The prospects for sequestering carbon dioxide

by Euan Baird, chairman of Rolls-Royce Plc

If carbon dioxide buildup in the atmosphere needs to be dealt with, it is by no means an intractable problem. Carbon dioxide is not the sort of radioactive or chemical pollutant that concerns regulators when present at the partper- billion levels. It is a natural part of our environment. Without carbon dioxide, plants would not grow and our planet would be a more extreme and inhospitable place. Thus, we only need to guard against having too much of a good thing in our atmosphere.

Carbon dioxide released by the combustion of fossil fuel is most conveniently vented to the atmosphere. Unfortunately, the atmosphere is a relatively small reservoir of carbon and appears to be particularly sensitive to the addition of more. The biosphere is also a small carbon reservoir that releases carbon dioxide back to the atmosphere as readily as it absorbs it. In contrast, the ocean reservoir of dissolved carbon dioxide is 50 times larger than either the atmosphere or biosphere and can easily absorb much more. In addition, carbon dioxide dissolved in the oceans will precipitate to create carbonate formations and sub-sea sediments that sequester huge quantities of carbon for hundreds of million of years. However, the natural transfer of gas to the ocean is slow with respect to atmospheric ventilation due to the long deep-ocean circulation times of about 550 years. It would make a lot of sense, therefore, to bypass the atmosphere and store the carbon where it is destined to wind up anyway - in the oceans and inside the earth. The U.S. Department of Energy estimates that 200 years of carbon emissions from burning fossil fuels at current rates can be absorbed, or sequestered, by two sources alone - the oceans and depleted oil and gas fields.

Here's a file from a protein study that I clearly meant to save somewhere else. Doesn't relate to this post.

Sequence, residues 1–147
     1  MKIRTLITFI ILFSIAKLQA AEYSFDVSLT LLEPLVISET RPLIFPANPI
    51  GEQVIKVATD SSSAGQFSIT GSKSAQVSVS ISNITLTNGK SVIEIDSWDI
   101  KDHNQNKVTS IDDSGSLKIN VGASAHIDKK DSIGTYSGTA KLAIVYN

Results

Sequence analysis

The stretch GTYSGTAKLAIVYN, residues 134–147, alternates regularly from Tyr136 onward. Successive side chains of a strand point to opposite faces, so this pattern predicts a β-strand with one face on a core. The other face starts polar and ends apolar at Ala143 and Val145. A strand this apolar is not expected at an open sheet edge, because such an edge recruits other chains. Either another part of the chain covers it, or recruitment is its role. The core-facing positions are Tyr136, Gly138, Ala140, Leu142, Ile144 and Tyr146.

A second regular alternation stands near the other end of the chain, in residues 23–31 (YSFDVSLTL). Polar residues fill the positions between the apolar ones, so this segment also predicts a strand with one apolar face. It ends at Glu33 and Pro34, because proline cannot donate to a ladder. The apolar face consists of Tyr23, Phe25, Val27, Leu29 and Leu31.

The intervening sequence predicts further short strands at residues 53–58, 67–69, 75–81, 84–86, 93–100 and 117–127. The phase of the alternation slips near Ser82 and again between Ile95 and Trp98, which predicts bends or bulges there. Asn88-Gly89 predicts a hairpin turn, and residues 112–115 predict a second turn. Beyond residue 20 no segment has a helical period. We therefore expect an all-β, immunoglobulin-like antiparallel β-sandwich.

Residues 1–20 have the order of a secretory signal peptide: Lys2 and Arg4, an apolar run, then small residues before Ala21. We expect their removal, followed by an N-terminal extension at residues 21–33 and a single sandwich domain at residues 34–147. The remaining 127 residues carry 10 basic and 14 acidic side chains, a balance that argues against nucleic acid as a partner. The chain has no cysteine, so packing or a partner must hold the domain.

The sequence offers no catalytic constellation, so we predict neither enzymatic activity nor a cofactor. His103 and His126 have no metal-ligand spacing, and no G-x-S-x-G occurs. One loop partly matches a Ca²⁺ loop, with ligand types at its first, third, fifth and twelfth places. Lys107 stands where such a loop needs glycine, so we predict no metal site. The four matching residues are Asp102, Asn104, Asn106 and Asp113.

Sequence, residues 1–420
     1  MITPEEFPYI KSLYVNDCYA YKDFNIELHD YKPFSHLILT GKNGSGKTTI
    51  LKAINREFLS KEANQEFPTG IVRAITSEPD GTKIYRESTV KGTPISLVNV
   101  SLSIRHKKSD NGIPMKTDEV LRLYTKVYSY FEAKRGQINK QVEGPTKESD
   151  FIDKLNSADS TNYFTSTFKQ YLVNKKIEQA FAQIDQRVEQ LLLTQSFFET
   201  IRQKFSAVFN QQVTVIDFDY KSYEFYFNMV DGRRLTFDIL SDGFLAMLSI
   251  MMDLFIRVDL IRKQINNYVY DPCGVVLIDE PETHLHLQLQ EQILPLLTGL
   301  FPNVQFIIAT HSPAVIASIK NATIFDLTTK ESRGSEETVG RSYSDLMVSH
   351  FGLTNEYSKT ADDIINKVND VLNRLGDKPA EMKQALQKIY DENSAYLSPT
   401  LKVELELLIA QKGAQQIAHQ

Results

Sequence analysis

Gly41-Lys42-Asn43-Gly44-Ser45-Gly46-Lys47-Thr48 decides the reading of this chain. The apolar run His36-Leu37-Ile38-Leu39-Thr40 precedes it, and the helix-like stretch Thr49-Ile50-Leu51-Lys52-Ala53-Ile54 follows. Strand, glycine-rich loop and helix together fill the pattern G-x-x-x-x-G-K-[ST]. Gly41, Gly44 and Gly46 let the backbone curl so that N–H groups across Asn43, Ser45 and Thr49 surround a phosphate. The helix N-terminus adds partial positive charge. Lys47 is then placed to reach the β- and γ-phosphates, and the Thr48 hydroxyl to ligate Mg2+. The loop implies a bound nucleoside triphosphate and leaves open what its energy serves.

Bypassing the atmosphere to accelerate the normal carbon dioxide sequestration cycle has been the subject of much debate. Research programs have been designed to make sure that all the consequences of this solution are properly understood. We need to make sure that we do not solve one environmental problem by creating others. Not only do we need to ensure that industrially sequestered carbon dioxide does not harm people, we also have to check that it has no important negative impacts on any part of our natural world.

Our operational solutions must be deliberately incremental so that no single action carries too great a risk. Sequestering carbon in the deep ocean and in deep geologic formations is just that kind of incremental solution. The target reservoirs are huge and already contain vast quantities of oxidised carbon. The injection of carbon dioxide can be continuously monitored to detect any deviations from our predictions, and operations can be stopped for evaluation at any time.

Probably the most straightforward proposal is to sequester carbon dioxide in depleted oil and gas reservoirs. In fact, the industry already does this when it uses carbon dioxide floods to enhance the tertiary oil recovery process. These reservoirs have a good track record for stability, having trapped hydrocarbons in the subsurface for millions of years. However, this is not a guarantee of future stability. Does the cap rock of the reservoir rock itself degrade as a result of pressure cycling or from being in contact with the slightly acidic solutions produced when carbon dioxide dissolves in water? These are questions that need answers.